A false arrest is a situation in which someone is detained unlawfully. Depending on the circumstances, this charge may be changed to a false imprisonment charge, in which someone is illegally confined, or a kidnapping, in which someone is detained and transported illegally. It can be difficult to prove a false arrest charge, but if the charge can be proved, sometimes it is possible to recover punitive damages from the arresting party.
False arrests are considered an example of a tort, a civil crime. They are usually classified as misdemeanors. The vast majority of these charges which make their way to court are leveled against private security companies, who sometimes use threats or coercion to hold people. Rarely, a case can be brought against a police officer, and individual citizens are also liable to false arrest charges if they detain someone unlawfully.
In a false arrest, an arrest is made without legal authority. Some arrests turn out to be ill advised later, but they were made with legal authority, so they are not false arrests. For example, it is legal to arrest a felony suspect in the course of investigation; is the suspect later turns out to be innocent, the arrest is not considered false, because the arresting officer had reasonable suspicions about the suspect.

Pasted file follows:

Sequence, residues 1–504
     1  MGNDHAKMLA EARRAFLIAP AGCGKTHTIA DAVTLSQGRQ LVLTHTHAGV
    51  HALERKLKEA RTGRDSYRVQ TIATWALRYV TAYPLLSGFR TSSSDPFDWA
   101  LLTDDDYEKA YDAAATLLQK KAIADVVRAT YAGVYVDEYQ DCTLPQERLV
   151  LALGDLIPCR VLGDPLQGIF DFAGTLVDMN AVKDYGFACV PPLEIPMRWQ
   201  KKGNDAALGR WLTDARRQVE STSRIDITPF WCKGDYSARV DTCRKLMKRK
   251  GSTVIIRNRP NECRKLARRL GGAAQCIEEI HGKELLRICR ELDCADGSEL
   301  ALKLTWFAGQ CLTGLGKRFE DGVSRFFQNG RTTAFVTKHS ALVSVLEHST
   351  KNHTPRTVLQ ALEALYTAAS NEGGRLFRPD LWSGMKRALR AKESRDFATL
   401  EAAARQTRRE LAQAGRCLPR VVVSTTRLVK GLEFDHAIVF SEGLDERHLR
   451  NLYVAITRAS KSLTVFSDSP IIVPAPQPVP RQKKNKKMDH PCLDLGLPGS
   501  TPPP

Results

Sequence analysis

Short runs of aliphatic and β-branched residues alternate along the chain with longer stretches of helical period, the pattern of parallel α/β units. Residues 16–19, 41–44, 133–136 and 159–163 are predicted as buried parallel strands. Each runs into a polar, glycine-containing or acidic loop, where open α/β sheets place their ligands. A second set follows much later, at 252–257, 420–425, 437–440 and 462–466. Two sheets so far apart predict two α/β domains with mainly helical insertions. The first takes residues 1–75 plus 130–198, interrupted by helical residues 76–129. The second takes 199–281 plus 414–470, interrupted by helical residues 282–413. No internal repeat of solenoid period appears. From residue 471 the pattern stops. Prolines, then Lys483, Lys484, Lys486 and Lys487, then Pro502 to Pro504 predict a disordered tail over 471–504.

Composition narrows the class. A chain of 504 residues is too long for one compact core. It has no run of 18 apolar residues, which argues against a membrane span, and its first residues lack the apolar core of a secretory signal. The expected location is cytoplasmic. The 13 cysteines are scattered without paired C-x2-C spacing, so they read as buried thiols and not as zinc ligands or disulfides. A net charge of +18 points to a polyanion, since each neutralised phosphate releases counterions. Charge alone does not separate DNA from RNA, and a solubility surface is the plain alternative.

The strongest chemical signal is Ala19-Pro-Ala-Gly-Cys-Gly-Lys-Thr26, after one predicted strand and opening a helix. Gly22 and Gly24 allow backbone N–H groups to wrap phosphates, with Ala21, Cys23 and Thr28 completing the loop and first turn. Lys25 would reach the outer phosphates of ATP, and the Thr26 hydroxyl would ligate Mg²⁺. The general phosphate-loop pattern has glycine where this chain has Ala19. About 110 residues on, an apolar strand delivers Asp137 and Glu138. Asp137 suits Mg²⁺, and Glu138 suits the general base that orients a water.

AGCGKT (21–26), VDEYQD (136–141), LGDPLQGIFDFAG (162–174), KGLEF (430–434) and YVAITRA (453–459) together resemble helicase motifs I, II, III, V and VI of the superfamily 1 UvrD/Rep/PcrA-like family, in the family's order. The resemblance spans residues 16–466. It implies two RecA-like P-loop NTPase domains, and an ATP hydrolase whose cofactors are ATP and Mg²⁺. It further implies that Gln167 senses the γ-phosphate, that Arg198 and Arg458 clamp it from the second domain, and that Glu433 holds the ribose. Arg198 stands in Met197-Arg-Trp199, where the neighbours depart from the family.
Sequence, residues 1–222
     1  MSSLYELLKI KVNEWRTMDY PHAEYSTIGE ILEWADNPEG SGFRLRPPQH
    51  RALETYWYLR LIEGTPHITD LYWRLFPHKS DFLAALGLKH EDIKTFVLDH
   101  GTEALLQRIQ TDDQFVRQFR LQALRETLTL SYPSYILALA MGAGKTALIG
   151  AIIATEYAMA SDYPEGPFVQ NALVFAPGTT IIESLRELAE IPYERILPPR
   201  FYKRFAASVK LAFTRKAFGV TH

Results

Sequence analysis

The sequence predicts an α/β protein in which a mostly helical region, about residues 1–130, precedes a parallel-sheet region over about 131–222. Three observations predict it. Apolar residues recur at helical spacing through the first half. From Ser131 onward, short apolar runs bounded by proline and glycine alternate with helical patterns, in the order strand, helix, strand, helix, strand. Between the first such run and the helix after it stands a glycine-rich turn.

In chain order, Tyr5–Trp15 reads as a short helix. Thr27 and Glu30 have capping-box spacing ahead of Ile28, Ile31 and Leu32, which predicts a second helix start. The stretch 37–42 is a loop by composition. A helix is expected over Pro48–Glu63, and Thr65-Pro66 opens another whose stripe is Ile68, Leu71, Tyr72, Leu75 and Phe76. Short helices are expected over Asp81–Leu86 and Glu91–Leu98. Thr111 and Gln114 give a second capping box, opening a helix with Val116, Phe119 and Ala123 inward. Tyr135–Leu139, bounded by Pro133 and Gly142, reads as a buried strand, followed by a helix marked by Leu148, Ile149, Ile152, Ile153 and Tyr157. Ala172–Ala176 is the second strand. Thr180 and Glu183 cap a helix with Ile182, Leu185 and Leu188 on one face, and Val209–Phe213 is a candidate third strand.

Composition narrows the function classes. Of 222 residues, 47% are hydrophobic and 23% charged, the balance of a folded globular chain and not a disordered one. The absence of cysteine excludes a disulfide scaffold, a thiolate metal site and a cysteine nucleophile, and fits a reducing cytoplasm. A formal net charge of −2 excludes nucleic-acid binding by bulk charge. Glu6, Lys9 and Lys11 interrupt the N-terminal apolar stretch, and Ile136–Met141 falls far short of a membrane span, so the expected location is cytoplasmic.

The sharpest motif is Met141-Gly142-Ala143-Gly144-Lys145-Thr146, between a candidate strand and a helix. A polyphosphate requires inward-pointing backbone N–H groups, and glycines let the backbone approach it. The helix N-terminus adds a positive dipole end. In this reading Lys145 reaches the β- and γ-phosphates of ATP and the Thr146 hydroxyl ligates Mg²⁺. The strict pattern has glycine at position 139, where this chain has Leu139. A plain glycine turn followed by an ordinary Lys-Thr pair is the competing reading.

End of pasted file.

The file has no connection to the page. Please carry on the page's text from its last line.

Private citizens do have the right to detain people who have committed certain crimes in some countries, and this is known as a citizen's arrest. In order for a citizen's arrest to be legal, the citizen must actually see the crime in progress, and positively identify the criminal. Furthermore, law enforcement must be called immediately to enact a formal arrest. Otherwise, a citizen may be liable to a false arrest charge.
In order for a police officer to be charged with a false arrest, he or she must knowingly detain someone who has not committed a crime. For example, if a policeman arrests the wrong person on a warrant, he or she could be charged. If a member of law enforcement detains a black shopper for no reason, the shopper could file a false arrest charge and potentially recover punitive damages for discrimination.